Today on the site, in recognition of the giant new omnibus collection of two-and-a-half decades' worth of Underworld, we're dipping into the archives to re-present a 1996 interview with Kaz, conducted by John Kelly.
We were poor. Lived in a tenement building. Bought our clothes at the Salvation Army. Ate my mom’s horrible Lithuanian cooking. But we didn’t know any better. My dad had two jobs, so he was never around. We played on the streets, the city parks, abandoned buildings, the Hoboken piers. We were the Dead End Kids. There were always big family parties where the adults got drunk and the kids went insane. My favorite toy was an Alvin the Chipmunk bubble-bath container. But the Salvation Army also sold toys, so I always had a lot of junk. I watched a lot of kids' shows and cartoons. I could see the Empire State Building from my bedroom window. Then, when I was ten, my parents had saved up enough money to put a down payment on a house in Rahway, New Jersey, and off we moved to the suburbs. The people next door had a big yard with swing sets. I thought it was a public park so we played there until we were kicked out. It was my first taste of someone having something bigger and better than me. So instead of the Dead End Kids, we were now the Little Rascals. We played in the woods and built soap box derby cars and tree houses. But I always knew that my family was different. For instance we were forced to speak only Lithuanian in the house. My friends were convinced that it was a practical joke. As if we were speaking gibberish just to fuck with them.
—Interviews & Profiles. Robert Ito at the California Sunday Magazine profiles Dan Clowes.
Clowes acknowledges the huge impact that his own childhood — the divorce, the constant shuttling around — has had on how he views marriage and parenting today. “I always grew up wanting what I have now with my own family,” he says. “A house, a wife, a child, everything very stable.” His time at Pratt and his early years as a comic book artist have had a similar impact on his work; the chip, Clowes says, lingers. “Even after you achieve a certain level of success, you still are that guy that was toiling in obscurity in your un-air-conditioned apartment in Chicago,” says Eric Reynolds, a longtime friend of Clowes’s and a Fantagraphics editor. In a strip Clowes did for The New Yorker in 2001, a Clowes doppelgänger identifies himself as a screenwriter at a cocktail party. “I dare not tell anyone I’m really a cartoonist,” he thinks to himself.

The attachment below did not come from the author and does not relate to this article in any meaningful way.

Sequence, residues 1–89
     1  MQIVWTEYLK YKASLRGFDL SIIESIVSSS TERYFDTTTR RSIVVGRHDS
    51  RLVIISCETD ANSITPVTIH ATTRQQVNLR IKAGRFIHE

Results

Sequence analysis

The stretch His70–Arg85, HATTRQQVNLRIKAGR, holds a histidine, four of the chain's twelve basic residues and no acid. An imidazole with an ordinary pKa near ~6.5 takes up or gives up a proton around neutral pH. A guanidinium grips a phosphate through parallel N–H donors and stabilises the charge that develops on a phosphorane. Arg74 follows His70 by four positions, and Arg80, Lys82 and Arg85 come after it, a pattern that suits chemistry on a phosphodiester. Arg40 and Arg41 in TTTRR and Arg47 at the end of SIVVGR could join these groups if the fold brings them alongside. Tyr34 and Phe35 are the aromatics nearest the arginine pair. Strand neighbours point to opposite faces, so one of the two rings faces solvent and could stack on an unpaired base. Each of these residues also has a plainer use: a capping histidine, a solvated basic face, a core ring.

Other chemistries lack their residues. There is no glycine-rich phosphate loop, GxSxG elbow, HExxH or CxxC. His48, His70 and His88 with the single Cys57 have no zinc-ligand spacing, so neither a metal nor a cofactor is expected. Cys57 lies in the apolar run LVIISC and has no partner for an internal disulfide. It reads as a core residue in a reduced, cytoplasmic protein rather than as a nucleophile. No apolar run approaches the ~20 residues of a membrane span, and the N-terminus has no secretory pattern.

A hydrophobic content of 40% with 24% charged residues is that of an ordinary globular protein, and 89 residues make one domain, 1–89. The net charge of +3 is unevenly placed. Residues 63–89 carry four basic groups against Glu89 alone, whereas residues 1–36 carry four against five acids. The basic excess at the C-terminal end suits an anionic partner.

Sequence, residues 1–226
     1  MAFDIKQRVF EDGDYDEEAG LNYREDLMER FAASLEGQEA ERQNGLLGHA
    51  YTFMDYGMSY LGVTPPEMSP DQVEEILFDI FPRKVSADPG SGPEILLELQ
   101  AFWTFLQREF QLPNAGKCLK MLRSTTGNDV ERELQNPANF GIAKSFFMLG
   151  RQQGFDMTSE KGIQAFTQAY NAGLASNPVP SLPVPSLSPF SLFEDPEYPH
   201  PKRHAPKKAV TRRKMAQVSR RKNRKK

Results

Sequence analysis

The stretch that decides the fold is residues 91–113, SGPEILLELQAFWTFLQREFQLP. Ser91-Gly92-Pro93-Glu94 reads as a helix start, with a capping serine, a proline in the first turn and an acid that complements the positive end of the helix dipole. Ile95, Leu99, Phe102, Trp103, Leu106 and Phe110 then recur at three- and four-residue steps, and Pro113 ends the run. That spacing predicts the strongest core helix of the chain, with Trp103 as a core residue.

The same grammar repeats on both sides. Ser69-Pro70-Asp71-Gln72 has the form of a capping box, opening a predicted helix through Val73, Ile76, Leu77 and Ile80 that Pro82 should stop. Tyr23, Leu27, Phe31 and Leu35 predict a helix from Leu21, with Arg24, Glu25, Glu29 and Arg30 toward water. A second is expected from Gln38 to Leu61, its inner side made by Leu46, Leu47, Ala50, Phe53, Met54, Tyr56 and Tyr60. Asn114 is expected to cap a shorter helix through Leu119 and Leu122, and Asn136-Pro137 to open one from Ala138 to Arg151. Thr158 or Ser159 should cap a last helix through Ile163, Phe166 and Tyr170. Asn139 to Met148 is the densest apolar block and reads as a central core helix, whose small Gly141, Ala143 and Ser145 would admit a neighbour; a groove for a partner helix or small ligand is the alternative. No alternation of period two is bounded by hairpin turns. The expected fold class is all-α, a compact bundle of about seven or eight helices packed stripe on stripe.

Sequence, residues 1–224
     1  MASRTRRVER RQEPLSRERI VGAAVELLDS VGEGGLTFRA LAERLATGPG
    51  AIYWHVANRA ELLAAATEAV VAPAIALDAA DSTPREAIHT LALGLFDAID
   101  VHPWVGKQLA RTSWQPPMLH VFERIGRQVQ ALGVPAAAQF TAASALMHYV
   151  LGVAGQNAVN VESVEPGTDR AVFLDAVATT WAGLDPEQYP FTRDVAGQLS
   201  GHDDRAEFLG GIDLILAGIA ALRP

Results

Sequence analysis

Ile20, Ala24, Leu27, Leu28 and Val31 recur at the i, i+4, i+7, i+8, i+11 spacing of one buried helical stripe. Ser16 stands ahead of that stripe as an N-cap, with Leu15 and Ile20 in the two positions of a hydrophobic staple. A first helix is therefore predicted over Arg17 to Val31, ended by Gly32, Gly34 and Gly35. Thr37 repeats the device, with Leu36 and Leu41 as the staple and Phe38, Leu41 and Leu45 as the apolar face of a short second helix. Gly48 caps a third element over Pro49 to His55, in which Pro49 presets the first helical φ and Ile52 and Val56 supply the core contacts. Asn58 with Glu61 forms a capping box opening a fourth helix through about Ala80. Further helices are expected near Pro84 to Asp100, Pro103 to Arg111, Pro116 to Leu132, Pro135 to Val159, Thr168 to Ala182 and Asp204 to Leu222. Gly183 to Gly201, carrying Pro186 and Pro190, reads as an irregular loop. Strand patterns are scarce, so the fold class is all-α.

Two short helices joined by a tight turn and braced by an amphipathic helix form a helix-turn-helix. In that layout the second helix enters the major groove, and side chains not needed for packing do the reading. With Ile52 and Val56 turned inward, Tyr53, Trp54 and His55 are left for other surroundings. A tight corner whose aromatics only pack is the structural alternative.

The New York Times profiles Rob Liefeld in advance of the new Deadpool movie.
Mr. Liefeld insists the criticism didn’t bother him. “Not one iota.” Then, referring to his father’s death from cancer in 1999, he added that he didn’t care if people ridiculed his artwork. “I’ve had really hard struggles in my life.”
He is prickly, though, about sharing creator credit on Deadpool with Fabian Nicieza, who wrote the script for the character’s first appearance, based on Mr. Liefeld’s story. As plotter, penciler and inker of The New Mutants at the time of Deadpool’s inception, Mr. Liefeld said he did “all the heavy lifting.”
“If a janitor scripted New Mutants 98, he’d be the co-creator — that’s how it works, buddy,” Mr. Liefeld said. “Deadpool does not exist in any way, shape or form without me.”
Pete Toms is a funny dude.
...if you think that Batman, or Batman’s House, or Batman Wearing a Different Shirt, or Star Wars: Logos is the best comic, that’s totally cool, but it seems weird, and maybe irresponsible to insinuate that it’s in any way experimental, or expansive to comics as an art form. Especially when, because of the internet, you have access to a lot of other types of work, and the knowledge that Batman has existed, in a very similar form, for 2,000 years.
I’m not saying that a blogger that thinks a book about hunky Chewbaccas or whatever is the best the medium has to offer should read like Lala Albert, Scott Longo, or Andy Burkholder’s stuff unless they want (you should though). I just think it would probably be better for the culture as a whole if when writers call things “experimental,” they’re talking about things that are actually experimental.
The Felix Comic Art podcast interviews novelist and Kirby art collector Glen David Gold.
—Reviews & Commentary. For T Magazine, Alison Bechdel lists ten favorite books. Edward Gorey is the sole cartoonist to make the list. I never would've guessed she was a Kerouac fan.
For the Los Angeles Review of Books' Avidly, comics scholar Ramzi Fawaz writes about diversity in superhero comics.
Like so many readers of the X-Men over the decades, no character drew me in more than the weather goddess Storm, a Kenyan immigrant to the U.S., the first black woman superhero in a mainstream comic book, and by the 1990s, the X-Men’s team leader. In that same anniversary issue, at a low point in the team’s battle with an imposter group of X-Men, Storm rallies her bruised and beaten comrades by reminding them that what defines their bond is a set of shared values, a chosen kinship maintained through mutual love and respect, not by force or expectation. With my budding left-wing consciousness on one side, and my attachment to queer family on the other, I fell in love with this fictional mutant goddess and her team: this was the kind of community I longed for. How did it come to be that a thirteen year old Lebanese-American, suburban gay boy found common cause with an orphaned, Kenyan, mutant, immigrant X-Man?
—Misc. Comics Workbook now has a website.
Fans of print humor magazines like The National Lampoon might want to check out The American Bystander, which features work by cartoonists including Kate Beaton, R.O. Blechman, Shary Flenniken, Arnold Roth, and Julia Wertz, among others. They say they need to sell 3000 copies of each issue to print the next, and #1 is out now.